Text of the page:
Kenzie was brought to the vet because she had not eaten in 5 days and she was vomiting and had diarrhea.  By the time she reached the animal hospital, she was in critical condition.  She was severely dehydrated, lifeless, and not knowing what was wrong, the initial estimate to treat Kenzie was much more than her owner was able to handle, therefore Kenzi’s owner was faced with euthanasia.  It was either luck or divine intervention, but the vet Kenzie was taken to happened to be my vet and she had never been treated there before.

On Monday, January 15, 2024 I received a phone call from my veterinarian asking if we could take Kenzie into rescue.   Kenzie was started on IV fluids, calcium, B12, antibiotics and a host of other medications.  Bloodwork indicated she had an infection, but within 24 hours, her numbers spiked dramatically and her electrolytes were dangerously low.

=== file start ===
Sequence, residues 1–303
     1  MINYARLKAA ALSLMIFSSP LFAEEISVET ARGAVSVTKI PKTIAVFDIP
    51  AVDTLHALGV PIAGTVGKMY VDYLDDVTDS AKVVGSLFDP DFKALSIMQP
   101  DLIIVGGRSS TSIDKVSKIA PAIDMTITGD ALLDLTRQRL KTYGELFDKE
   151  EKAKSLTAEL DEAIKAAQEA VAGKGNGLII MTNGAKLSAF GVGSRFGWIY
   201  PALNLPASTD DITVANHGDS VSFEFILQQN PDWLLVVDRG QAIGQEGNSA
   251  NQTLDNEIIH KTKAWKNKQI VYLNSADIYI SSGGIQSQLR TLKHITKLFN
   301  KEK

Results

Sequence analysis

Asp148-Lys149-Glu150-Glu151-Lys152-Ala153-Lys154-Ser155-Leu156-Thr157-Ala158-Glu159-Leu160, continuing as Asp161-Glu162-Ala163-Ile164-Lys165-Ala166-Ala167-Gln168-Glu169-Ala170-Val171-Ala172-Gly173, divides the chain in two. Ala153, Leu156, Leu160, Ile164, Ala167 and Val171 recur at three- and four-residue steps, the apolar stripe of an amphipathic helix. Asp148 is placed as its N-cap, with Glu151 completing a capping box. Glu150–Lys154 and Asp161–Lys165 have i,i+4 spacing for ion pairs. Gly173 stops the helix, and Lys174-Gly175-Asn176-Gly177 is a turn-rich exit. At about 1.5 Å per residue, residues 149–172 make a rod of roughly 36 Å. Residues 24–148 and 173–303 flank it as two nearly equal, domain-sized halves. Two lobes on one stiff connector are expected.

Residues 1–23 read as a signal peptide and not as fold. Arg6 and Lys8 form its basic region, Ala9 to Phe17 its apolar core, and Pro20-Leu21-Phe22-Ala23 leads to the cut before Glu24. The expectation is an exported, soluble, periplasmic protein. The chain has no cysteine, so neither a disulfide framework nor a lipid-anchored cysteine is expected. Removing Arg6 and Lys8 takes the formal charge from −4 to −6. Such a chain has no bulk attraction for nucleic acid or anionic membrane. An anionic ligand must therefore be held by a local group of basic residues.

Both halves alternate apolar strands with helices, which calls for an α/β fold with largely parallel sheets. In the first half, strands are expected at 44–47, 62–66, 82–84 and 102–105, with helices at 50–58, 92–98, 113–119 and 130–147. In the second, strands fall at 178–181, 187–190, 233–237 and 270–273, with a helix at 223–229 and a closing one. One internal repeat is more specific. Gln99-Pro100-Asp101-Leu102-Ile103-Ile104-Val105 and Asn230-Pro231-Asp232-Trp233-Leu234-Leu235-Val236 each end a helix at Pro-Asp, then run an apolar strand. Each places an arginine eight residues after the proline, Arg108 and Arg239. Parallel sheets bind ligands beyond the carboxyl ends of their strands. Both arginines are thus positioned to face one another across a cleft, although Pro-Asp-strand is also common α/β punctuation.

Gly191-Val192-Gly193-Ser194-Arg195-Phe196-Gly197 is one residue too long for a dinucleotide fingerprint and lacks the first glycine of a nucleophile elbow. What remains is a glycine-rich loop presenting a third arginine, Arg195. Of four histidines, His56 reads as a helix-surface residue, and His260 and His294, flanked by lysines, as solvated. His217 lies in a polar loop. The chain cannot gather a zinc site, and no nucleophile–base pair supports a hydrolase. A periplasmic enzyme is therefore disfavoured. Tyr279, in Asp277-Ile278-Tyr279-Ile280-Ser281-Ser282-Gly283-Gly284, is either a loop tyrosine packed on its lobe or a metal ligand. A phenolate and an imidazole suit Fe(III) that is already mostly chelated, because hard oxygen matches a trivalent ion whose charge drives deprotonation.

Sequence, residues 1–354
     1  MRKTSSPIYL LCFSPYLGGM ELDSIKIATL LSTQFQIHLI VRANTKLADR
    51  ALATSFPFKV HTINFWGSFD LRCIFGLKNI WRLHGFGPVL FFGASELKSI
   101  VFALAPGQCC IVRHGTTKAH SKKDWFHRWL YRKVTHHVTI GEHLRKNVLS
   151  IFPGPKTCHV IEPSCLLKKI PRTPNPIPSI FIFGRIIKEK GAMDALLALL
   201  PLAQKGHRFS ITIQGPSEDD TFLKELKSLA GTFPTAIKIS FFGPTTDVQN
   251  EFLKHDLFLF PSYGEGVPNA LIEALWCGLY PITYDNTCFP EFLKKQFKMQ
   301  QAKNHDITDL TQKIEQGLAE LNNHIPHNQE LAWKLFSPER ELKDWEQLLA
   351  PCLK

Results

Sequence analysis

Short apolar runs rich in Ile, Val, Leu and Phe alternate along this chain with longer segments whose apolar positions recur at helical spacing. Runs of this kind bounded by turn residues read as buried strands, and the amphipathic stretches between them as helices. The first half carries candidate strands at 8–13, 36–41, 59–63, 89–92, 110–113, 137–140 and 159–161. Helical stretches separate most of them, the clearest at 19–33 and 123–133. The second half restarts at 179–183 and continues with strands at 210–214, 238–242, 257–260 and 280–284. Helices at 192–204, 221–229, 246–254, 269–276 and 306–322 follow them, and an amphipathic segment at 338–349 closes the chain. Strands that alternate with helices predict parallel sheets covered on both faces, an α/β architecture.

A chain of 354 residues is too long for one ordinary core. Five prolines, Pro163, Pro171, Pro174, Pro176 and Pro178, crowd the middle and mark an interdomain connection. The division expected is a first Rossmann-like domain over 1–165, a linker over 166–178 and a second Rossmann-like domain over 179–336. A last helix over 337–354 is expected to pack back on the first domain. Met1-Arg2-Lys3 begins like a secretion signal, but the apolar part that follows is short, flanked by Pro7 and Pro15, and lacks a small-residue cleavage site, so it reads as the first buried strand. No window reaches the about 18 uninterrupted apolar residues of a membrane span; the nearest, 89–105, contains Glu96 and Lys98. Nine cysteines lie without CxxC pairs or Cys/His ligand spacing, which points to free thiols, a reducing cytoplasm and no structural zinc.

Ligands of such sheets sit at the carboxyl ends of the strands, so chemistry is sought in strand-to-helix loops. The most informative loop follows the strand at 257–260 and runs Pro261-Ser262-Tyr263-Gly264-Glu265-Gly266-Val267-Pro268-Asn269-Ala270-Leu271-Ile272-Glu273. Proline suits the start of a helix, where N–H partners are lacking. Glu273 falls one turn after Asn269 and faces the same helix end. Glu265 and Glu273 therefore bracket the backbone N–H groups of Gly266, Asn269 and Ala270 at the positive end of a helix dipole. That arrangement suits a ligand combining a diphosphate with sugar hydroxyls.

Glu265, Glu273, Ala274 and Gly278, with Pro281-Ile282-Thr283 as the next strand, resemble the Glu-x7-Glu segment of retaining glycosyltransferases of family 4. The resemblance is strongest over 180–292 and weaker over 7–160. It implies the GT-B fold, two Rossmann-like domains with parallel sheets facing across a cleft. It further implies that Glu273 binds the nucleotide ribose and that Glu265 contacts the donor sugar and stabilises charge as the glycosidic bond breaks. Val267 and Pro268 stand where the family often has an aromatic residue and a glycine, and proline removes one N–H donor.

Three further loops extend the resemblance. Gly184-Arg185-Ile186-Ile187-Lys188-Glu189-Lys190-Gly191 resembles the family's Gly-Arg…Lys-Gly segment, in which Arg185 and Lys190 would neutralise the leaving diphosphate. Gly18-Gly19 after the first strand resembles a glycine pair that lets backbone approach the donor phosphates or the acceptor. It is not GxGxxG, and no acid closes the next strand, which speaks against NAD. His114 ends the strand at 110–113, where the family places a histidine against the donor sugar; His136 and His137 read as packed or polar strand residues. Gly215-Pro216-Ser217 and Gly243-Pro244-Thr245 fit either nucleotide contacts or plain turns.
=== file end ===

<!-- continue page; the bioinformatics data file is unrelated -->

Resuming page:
X-rays did not show anything unusual so my vet brought in an outside internist to perform an ultrasound which revealed many issues.  She has an infection of the gallbladder and evidence of acute pancreatitis.  The gallbladder is very thickened and there was a small amount of free fluid.  She showed evidence of vasculitis which is a reaction pattern characterized by an immune response directed toward the blood vessels.  Her GI track was thickened with inflammation which is evidence of acute pancreatitis and her liver is moderately enlarged.  We broadened the antibiotics and continued with supportive care and by day 5, her numbers started to improve.

We brought her home on Friday and we will continue oral medications.  She will need to be on antibiotics for 6 to 8 weeks.  Now that she is home, she is showing evidence of diabetes insipidus which we will address at her follow up appointment this week.  Her prognosis was “guarded” upon discharge from the hospital, but within just a few days she is acting like a normal Westie!  She is always first in line for meals and has taken up an interest in all things Westie.

Karen Simondet